The ToonSeum is a Pittsburgh based boutique style museum dedicated to comics and cartoons and their fans. ToonSeum is mostly volunteer driven and serves mainly adult fans with some programming focused on children or families.
Earlier this week, Executive Director Joe Wos received an email from a member informing him that they were cancelling their membership because of the ToonSeum's affiliation with Pittsburgh's PrideFest. ToonSeum is hosting a VIP Lounge during the upcoming Chaka Khan concert for "Pride in the Streets" which they have dubbed "Kitty Pryde Fest VIP Lounge" -- ToonSeum is located on the block of Liberty Avenue in Pittsburgh that is home to PrideFest.
Wos shared the news via his Facebook page:
Today I got an email saying "we will not be renewing our membership because of your participation in pride fest, and their gay agenda." they then went on to express their disappointment as "cartoons are meant to be wholesome family entertainment." I told them I would personally refund their membership out of my pocket, and that perhaps they should watch some vintage Warner Brothers cartoons and adjust their definition of "wholesome." Then perhaps look at the world around them, the wonderful people in it and adjust their definition of "family." Sadly this is not the first nor the last time that we will have this issue and others like it come up. I have been told "we won't come there because it's by all those gay bars." "We won't come down there because it's by planned parenthood." We won't come there because it's on GASP! Liberty Avenue" and the only one I agree with...we won't come down there because of the cities parking enforcement. I know a hundred reasons not to do anything because it's always going to be easier to just lie on the couch than it is to live an active, productive, creative life, filled with diversity, art and joy. Cartoons are for everyone and we are happy to share our block with Pride. At any rate we lost a member today. But stood up for our block and our "family"
ToonSeum has also partnered with Pittsburgh's LGBTQ Community Center to sponsor a Pride Night Game Night after PrideFest as well as hosting events for the Pittsburgh LGBTQ Film Festival, working with Gay for Good and other community events.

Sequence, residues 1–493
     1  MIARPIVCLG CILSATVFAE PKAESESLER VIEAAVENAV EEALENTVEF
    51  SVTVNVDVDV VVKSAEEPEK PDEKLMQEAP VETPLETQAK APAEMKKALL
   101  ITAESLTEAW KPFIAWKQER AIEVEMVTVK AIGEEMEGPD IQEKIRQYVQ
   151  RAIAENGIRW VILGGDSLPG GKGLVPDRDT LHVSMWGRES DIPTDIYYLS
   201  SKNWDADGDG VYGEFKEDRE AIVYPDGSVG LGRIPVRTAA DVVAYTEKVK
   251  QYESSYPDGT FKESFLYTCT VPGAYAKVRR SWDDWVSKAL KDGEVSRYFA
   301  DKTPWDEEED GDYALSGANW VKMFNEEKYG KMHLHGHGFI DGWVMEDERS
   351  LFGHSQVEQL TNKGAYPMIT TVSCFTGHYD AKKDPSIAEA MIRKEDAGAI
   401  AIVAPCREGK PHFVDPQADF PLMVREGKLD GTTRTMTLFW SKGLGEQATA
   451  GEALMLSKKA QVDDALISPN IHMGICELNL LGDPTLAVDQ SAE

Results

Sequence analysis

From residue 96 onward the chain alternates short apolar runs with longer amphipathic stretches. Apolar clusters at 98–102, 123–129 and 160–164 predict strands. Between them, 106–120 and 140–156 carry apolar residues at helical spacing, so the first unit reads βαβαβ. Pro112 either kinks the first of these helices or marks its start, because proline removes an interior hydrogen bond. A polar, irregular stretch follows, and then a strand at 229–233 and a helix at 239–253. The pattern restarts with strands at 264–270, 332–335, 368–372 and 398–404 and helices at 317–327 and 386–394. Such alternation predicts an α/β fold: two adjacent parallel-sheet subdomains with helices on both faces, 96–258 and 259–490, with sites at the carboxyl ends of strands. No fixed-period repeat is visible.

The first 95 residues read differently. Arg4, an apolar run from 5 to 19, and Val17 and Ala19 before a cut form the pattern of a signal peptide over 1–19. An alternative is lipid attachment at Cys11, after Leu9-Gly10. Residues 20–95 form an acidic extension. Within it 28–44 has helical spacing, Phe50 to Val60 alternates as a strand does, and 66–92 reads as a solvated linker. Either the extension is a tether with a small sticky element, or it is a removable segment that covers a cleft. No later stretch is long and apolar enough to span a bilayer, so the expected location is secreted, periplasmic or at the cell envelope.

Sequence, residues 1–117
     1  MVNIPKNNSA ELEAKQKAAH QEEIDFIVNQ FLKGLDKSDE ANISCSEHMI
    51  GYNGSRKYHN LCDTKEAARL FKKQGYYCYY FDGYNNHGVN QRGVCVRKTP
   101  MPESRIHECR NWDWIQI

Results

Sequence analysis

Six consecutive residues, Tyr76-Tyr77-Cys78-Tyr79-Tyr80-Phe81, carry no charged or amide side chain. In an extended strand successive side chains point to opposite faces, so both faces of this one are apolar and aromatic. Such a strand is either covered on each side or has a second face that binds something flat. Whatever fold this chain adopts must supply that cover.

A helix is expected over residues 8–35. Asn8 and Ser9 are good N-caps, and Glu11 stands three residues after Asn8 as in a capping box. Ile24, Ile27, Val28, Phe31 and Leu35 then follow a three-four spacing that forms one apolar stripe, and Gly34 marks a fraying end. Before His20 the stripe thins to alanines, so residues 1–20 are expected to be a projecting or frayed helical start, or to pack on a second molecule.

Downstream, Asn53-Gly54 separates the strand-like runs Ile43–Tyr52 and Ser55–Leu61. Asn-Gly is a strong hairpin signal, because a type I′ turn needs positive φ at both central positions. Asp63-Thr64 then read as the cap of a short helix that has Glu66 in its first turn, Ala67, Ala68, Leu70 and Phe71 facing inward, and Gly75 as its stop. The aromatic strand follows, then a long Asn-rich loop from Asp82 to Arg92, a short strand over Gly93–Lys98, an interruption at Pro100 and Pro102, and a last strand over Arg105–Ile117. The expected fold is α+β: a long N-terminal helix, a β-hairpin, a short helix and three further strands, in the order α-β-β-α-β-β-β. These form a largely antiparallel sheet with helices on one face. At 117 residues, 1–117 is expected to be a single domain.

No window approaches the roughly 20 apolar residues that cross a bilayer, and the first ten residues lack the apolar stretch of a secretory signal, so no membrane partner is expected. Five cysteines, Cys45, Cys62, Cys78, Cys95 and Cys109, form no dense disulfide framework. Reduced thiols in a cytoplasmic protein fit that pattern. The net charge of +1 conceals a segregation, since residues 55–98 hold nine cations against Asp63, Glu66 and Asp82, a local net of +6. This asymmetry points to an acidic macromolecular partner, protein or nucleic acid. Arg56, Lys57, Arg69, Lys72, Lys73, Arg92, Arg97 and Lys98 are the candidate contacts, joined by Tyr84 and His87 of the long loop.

That same day, it was announced that a independent theater in a Pittsburgh suburb was canceling their showing of the Dan Savage "Hump Tour" because of possible zoning violations due to the adult content of the festival.
I spoke with Wos about this situation and the ToonSeum's support of the LGBTQ community. After my piece was published on my personal blog, it received nearly 1,000 visitors which is astounding. So I followed up with Wos again later in the day.
If you look on our Facebook you will see the overwhelming support and one person who said they will no longer follow us. We had about 6 people drop from our mailing list. We also had several people make donations or buy memberships. But truthfully none of that matters. You just have to do what is right. Any risk or consequence or any reward is irrelevant because doing right and treating people right is simply the only choice in my mind. It isn't someone's sexuality that matters it's their humanity that requires we treat all people equally and with respect.
One thing that struck me about the complaint is that the ToonSeum has been promoting the gay agenda for years, both in terms of your exhibits and your support of LGBTQ community groups. Why did they notice now?